December 3, 2014
Here’s the story, a little late, of the 2014 Cozumel Ironman.
November 29 - One Day to Go!
Here we are; it’s already Saturday. Race day tomorrow, Jeff and Kari are kibitzing about their prep for the final few hours before the starting gun goes off tomorrow morning - at 6:52am for Jeff in the “all men over 50” age group, and Kari’s at 6:55am for “all women over 50.” I asked Jeff how he and Kari could swim together if he starts three minutes earlier. “Maybe I’ll just tread water until she gets going in the swim.” As I’ve shared before, the impetus for this adventure has always been “to do this together.”
Both Jeff and Kari are strong swimmers; however, they don’t consider themselves at the top of their respective categories, having a substantially energetic style with endurance to spare. Their objective is to swim the 2.4-mile distance in somewhere around an hour and a half. Each group “wave” will walk into the water and tread water / swim out about a hundred yards from the shore in anticipation of the starting gun. Having done my share of open-water-swim competition, I know the start can be intimidating, with the crush of over-anxious athletes all vying for a great position without interference from other over-zealous swimmers. [My parents were not swimmers, but were insistent and conscientious about making sure that my brother, Jim, and I had lots of swimming lessons very early in life; so, as parents, my husband and I were steadfast in teaching our three kids to be substantially water-safe - before they could walk!]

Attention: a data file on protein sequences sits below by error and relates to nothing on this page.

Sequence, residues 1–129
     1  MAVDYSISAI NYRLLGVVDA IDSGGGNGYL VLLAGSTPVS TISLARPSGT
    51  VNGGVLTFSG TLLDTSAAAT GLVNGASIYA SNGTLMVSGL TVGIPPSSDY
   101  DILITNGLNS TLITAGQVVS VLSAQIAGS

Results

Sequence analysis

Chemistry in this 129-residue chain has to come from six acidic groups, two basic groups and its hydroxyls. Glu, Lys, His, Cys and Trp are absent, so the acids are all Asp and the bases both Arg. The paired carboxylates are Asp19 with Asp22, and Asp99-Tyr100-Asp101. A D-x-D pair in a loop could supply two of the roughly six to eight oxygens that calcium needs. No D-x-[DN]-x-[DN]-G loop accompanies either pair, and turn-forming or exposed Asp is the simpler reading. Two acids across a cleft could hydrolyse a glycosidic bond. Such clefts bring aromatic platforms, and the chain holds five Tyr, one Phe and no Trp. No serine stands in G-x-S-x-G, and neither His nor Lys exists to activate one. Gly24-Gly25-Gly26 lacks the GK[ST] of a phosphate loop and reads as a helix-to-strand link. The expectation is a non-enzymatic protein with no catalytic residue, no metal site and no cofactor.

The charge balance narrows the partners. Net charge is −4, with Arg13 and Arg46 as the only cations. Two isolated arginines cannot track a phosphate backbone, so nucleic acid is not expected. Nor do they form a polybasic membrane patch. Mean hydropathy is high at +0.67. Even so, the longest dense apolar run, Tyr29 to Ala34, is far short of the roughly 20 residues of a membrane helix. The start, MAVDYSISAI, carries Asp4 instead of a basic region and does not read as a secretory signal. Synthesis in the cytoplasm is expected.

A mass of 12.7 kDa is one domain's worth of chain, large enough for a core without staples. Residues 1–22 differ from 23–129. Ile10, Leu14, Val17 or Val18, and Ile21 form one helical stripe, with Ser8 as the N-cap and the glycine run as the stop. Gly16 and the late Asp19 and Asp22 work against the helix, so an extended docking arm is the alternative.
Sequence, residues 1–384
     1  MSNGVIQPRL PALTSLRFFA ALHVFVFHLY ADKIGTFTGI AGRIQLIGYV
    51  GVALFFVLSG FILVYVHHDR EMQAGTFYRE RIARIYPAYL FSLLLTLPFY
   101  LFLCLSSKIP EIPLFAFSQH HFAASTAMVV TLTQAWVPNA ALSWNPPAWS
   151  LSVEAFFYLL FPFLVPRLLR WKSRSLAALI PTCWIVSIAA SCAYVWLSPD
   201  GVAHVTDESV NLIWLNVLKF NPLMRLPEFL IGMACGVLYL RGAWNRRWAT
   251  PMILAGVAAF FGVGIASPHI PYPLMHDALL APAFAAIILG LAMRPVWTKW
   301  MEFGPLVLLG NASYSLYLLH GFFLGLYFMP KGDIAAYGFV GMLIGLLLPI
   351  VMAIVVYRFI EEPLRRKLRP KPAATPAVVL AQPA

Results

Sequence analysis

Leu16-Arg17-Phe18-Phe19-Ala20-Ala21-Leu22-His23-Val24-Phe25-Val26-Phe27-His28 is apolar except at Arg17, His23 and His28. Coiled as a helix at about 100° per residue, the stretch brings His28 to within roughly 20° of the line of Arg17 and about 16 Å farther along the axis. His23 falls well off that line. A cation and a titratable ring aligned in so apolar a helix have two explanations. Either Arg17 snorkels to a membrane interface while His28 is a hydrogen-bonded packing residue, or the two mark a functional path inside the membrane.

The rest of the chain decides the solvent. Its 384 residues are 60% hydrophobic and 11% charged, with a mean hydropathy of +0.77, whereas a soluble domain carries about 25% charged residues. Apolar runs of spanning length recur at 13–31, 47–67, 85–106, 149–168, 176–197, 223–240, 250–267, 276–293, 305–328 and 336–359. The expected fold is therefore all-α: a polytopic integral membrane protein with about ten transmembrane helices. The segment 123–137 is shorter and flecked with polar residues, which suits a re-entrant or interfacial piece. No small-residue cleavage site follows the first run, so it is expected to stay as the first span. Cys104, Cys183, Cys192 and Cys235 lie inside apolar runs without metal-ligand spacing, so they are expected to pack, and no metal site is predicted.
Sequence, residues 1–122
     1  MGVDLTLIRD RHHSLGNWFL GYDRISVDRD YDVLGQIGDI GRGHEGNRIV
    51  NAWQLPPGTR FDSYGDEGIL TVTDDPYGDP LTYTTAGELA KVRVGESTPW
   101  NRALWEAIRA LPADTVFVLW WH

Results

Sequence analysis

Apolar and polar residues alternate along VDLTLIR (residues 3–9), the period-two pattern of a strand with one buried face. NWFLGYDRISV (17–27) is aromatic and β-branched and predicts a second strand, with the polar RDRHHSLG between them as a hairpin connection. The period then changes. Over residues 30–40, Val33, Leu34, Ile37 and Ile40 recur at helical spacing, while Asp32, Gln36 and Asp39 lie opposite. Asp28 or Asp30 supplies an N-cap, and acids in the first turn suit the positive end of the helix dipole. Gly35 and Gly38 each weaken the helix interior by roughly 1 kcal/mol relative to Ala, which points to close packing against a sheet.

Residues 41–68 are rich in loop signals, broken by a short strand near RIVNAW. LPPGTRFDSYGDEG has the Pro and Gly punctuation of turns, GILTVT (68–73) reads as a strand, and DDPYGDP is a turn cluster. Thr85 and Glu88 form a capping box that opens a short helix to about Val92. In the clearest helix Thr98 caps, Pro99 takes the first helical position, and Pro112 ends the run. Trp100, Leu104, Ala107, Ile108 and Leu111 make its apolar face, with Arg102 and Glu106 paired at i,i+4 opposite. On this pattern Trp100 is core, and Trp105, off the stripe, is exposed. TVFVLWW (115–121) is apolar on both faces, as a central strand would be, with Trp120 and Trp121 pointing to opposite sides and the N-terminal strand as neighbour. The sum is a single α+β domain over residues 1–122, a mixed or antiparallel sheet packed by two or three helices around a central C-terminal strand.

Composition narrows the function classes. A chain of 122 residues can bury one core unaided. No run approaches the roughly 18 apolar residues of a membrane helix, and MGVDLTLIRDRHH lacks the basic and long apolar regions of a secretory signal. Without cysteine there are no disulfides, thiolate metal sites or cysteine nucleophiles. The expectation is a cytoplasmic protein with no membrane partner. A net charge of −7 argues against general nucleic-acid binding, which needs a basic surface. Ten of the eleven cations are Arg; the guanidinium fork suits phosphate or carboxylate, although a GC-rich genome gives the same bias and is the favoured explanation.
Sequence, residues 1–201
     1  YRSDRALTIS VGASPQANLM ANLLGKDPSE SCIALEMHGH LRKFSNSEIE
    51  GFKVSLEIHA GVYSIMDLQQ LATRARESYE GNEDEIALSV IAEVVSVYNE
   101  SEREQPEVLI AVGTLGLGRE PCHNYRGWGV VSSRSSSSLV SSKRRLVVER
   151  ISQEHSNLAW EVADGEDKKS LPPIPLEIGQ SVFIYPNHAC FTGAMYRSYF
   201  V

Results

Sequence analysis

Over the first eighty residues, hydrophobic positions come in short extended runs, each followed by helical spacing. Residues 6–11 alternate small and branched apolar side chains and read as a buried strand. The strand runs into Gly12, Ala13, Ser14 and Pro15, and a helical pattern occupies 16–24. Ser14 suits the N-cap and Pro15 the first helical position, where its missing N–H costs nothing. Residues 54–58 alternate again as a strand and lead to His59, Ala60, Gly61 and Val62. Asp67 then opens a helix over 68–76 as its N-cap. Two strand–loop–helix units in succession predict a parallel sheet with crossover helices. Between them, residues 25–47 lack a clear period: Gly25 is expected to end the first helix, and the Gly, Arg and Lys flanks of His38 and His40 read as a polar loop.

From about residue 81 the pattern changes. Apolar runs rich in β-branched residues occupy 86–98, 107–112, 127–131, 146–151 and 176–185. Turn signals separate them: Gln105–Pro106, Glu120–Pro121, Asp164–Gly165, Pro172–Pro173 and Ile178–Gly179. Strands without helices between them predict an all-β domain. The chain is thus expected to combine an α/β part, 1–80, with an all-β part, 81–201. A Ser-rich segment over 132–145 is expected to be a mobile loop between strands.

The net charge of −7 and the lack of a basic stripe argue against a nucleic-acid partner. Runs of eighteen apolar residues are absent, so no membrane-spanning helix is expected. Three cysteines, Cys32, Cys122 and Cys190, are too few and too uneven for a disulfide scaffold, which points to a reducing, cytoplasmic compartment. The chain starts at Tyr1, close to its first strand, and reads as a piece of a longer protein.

In a previous post I indicated that the swim course would be out-and-back; I’ve been told it won’t be - it’ll be a point-to-point swim along the coast for the 2 ½ miles. The logistics are carefully planned to decrease bottle-necks as much as possible. Our Chief Cheering Team (CCT: Alice, David, triplets, twins, and Mimi - that's me) has decided we may have to forego the swim start in order to be present for the swim exit and transition to the bike race. I do know the bike race will be three loops around the circumference of the island, each lap over 37-miles. The plan of the CCT is to maintain a position right in front of our condo complex, outside of the “all roads closed” center-of-town population crush. We’ll see Jeff, Kari and our other five EPIC Tri athletes three times as the whiz past us, hopefully with a big high five, a smile and a strong continence.
|All contestants have multiple IDs on arms, legs,|
wrist bands and ankle bands. This is Jeff, #572. Kari
Ironman Sunday - November 30, 2014